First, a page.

All of Apple’s M3 chips are at least as powerful as their Intel equivalents in PCs and offer healthy performance increases on three- to five-year-old Macs. But Apple’s biggest advantage is in power efficiency, which allows double or more the battery life of rivals and the ability to sustain peak performance when not plugged into the wall, unlike competitors.
Even the most powerful M3 Max-equipped model, as tested, will manage about 16 hours of productive office work, such as word processing, browsing, note taking and working with spreadsheets. That is more than an hour longer than last year’s model and about double that of most competitors. M3 models should last about 20 hours of similar work with the M3 Pro models somewhere in the middle.
The battery life shrinks when the chips are pushed with much more demanding tasks, but you should still get about 12 hours of photo editing or similar on a charge. It takes about 90 minutes to fully charge the battery with the included 96W adaptor, hitting 50% in about 30 minutes.
The MacBook Pro is made of 32% recycled materials, including aluminium, rare earth elements, tin, gold and plastic. Apple breaks down the computer’s environmental impact in its report.
The computer is generally repairable and has repair manuals available, and the battery can be replaced for £245 by Apple. The repair specialists iFixit praised the machine’s modular design but criticised Apple’s use of software locks on replacement parts that artificially limit third-party repair options, giving it a repairability score of only four out of 10. Apple offers trade-in and free recycling schemes, including for non-Apple products.
For comparison, the MacBook Air M2 starts at £1,149, while Windows laptops roughly equivalent to the new machines, such as the Dell XPS 15, cost about £2,000, the Razer Blade 14 costs £2,499 and Microsoft’s Surface Laptop Studio 2 costs from £2,069.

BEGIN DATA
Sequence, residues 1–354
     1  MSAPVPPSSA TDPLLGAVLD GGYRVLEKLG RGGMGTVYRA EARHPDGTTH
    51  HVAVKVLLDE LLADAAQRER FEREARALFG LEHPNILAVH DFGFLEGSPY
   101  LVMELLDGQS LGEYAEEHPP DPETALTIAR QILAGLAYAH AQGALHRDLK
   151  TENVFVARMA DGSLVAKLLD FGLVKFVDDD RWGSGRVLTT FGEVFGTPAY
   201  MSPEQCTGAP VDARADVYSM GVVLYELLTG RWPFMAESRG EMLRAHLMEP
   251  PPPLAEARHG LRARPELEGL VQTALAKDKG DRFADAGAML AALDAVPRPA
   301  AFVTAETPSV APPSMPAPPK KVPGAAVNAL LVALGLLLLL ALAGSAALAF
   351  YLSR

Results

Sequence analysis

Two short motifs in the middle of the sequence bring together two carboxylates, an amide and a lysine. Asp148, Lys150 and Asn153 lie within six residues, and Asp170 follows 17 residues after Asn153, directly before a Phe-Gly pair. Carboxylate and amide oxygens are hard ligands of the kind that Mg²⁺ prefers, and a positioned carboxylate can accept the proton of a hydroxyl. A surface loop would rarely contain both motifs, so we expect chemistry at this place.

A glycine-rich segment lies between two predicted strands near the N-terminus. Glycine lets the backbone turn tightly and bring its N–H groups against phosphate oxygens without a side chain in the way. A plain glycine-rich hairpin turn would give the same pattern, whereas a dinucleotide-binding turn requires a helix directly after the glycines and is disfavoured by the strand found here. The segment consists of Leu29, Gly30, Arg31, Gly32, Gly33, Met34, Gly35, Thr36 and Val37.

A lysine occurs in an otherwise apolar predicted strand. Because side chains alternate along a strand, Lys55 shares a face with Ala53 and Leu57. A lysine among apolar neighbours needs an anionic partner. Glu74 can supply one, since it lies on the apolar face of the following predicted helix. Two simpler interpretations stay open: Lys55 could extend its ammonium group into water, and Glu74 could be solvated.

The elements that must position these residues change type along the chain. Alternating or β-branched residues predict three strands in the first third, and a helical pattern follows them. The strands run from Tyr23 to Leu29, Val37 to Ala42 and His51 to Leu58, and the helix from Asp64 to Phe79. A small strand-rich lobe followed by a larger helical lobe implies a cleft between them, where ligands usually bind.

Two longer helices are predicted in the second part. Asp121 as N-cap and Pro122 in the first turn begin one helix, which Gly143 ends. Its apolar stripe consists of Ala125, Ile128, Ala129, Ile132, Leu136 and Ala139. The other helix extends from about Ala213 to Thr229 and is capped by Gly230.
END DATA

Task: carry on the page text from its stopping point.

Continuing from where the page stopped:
There are more options than ever for Apple’s longstanding Pro laptop this year. The lower starting price is most welcome, although it is still not cheap at £1,699 and comes with a chip that while tremendously fast, may not be powerful enough for professional work and only 8GB of memory.
That makes the base model difficult to recommend over the excellent MacBook Air for Apple users. Not so for the M3 Pro and Max models, which are yet again a remarkable combination of power and efficiency that no other manufacturer can touch. Here Apple continues to go from strength to strength.
The 14in size remains the sweet spot in laptops, which is helped by a stunning screen, best-in-class trackpad and keyboard, and a solid selection of ports. It’s not cheap but if you don’t specifically need Windows 11, it is one of the very best working laptops you can buy. And it looks pretty great in black.
Pros: choice of speedy chips, very long battery life, fantastic miniLED ProMotion screen now even brighter, plenty of ports and SD card slot, brilliant speakers, Touch ID, great keyboard and trackpad, 14in is a great size, new black colour.
Cons: no USB-A, no Face ID, no Centre Stage camera, RAM or SSD can not be upgraded after purchase, expensive, base model skimps on memory for the price.